As people around the world take action for Earth Day, a moment where we might think a little more deeply about environmental degradation, loss of biodiversity and personal responsibility, University of Waikato Lecturer Hineitimoana Greensill reflects on what it means to be an Indigenous person on the day.
While the call to “protect our species” is important, what of the Indigenous peoples, cultures and languages that are also under threat? In order to save our world we must also support the right of Indigenous peoples to self-determination.
It might seem like a big jump, but really it isn’t. The beast we know as colonialism was founded on the exploitation of Indigenous lands, resources and peoples. This kind of exploitation continues today and has had serious consequences for both Indigenous peoples and the environment.
In Te Moana nui a Kiwa, the Pacific, a plethora of environmental issues face our region: global warming and climate change, plastic pollution, rising sea levels, unsustainable commercial fishing practices, deforestation, mining, the list goes on. The visibility of these issues has been assisted greatly by environmental movements, but what is often missing from the picture is the connection to people.
In trying to extract people from the equation they miss the point. The lives of Indigenous peoples are inextricably connected to the environment. One cannot be considered without the other.
Aside from a moral imperative to consider the lives of Indigenous peoples in any attempt to address environmental concerns, from an ecological perspective it also makes sense. The interdependent nature of ecosystems is something that we understand from millennia of living with our environment.
In my classes on sustainability in the context of Māori and Indigenous studies, we spend a lot of time thinking about what we can learn from the wisdom of our ancestors. How did they view the world around them? How did they understand their place in this world? And what kind of impact did this have on the way that they related to the environment?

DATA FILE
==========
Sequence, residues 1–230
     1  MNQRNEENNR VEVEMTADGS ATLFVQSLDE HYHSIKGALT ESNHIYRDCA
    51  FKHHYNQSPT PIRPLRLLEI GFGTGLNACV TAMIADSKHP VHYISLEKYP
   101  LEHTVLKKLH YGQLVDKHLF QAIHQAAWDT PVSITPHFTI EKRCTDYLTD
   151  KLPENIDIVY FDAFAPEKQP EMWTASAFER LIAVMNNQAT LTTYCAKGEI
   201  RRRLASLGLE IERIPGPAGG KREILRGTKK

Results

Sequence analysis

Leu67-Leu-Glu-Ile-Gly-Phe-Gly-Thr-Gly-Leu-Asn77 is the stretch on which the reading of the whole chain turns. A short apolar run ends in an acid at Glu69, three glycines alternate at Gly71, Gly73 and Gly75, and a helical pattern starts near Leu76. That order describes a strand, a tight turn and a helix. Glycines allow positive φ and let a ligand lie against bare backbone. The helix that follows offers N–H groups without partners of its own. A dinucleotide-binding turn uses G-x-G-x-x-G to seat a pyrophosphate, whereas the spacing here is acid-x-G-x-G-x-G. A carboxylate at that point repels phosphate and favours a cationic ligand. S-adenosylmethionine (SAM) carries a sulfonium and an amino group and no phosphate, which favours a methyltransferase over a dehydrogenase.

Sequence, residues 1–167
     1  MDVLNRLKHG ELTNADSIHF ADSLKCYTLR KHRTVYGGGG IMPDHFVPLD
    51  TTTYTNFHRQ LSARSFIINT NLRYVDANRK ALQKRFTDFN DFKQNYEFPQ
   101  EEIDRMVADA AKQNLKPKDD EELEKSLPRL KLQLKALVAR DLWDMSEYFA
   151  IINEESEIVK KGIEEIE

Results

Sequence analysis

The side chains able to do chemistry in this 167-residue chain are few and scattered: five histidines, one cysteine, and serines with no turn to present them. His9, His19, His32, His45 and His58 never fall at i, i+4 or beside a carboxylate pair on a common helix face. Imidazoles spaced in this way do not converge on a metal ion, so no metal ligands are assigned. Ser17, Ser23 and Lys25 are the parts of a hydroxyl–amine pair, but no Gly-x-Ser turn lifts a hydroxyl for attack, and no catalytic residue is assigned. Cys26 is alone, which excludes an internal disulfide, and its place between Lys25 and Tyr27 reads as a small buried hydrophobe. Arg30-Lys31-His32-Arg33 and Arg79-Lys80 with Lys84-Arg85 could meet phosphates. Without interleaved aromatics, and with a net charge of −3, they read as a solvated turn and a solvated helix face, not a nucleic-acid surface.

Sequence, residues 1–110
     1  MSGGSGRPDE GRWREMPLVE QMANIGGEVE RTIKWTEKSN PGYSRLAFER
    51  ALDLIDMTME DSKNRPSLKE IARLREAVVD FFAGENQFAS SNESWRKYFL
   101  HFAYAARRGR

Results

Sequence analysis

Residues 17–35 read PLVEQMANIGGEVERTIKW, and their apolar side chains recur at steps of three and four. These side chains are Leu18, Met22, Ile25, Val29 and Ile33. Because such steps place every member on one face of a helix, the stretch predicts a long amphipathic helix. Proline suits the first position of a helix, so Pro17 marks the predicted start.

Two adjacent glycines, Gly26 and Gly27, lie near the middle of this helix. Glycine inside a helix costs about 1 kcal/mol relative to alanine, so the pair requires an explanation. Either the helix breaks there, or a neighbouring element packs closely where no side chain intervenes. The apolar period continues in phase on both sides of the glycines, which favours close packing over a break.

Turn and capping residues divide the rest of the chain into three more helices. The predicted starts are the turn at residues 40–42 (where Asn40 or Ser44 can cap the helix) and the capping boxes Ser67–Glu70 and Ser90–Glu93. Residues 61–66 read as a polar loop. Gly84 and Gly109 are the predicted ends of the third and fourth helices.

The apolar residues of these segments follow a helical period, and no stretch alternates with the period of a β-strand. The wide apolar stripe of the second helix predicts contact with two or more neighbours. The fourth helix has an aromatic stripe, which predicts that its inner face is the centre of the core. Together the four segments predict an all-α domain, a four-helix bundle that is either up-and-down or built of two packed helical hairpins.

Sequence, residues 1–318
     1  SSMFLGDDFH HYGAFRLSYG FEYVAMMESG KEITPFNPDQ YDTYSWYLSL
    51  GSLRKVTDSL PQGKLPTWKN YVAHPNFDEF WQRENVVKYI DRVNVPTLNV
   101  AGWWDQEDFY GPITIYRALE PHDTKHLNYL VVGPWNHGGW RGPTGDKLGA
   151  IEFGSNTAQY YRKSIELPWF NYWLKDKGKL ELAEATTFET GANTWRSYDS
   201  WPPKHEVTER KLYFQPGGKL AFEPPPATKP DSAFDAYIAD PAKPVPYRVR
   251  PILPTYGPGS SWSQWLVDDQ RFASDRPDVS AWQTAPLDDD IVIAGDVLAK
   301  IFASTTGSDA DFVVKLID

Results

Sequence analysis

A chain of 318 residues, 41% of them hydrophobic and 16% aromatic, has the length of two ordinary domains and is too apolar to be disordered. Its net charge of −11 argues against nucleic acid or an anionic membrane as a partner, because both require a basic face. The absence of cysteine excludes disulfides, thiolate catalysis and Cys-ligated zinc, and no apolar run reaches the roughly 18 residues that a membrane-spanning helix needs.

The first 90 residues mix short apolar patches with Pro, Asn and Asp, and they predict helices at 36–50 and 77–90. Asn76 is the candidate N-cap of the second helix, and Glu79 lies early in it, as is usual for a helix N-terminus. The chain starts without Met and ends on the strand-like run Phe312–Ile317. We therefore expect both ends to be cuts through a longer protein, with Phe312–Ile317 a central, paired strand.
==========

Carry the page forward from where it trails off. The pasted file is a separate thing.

What we find is an understanding that we are intimately connected to everything in the natural world through whakapapa, our ancestral link to land, sky, ocean and cosmos. This understanding forms the basis of our environmental ethics and enabled our ancestors to develop practices that ensured the survival of species, including themselves, and engendered relationships with the environment built on respect and reciprocity.
The case for a more holistic approach to environmental sustainability that includes Indigenous peoples in the conversation is pretty clear cut.
So how does this all connect to the right to self-determination for Indigenous peoples? Well, when we think about environmental issues in the Pacific we see pictures of an environmental horror story. What is much less visible, however, is the violation of human rights, loss of land, and denial of indigenous self-determination that is also part of the lived experience of Indigenous peoples of the Pacific. This brings us to West Papua.
Gold mining operations in West Papua, which began after Indonesia took over the country, have had a devastating effect on the West Papuan people and their environment, polluting waterways, wetlands, and forest, and all but destroying the subsistence economies of Indigenous communities in areas surrounding the Grasberg mine.
This is part of a much bigger picture, however. Like other colonial regimes, the violent manner in which the land has been treated by mining companies in West Papua echoes the violence that West Papuan people have suffered at the hands of the Indonesian government.
Here in Aotearoa we’ve had much closer brushes with colonial abuses of power in the Pacific which had devastating environmental consequences. It was only twenty three years ago when the French government conducted their final round of nuclear testing in Mururoa.
Indigenous peoples recognised then, and continue to recognise today, a clear link between being nuclear free and being independent in the Pacific. Our calls for decolonisation around the Pacific may be the best chance we’ve all got at finding tangible solutions to the environmental problems that plague us now.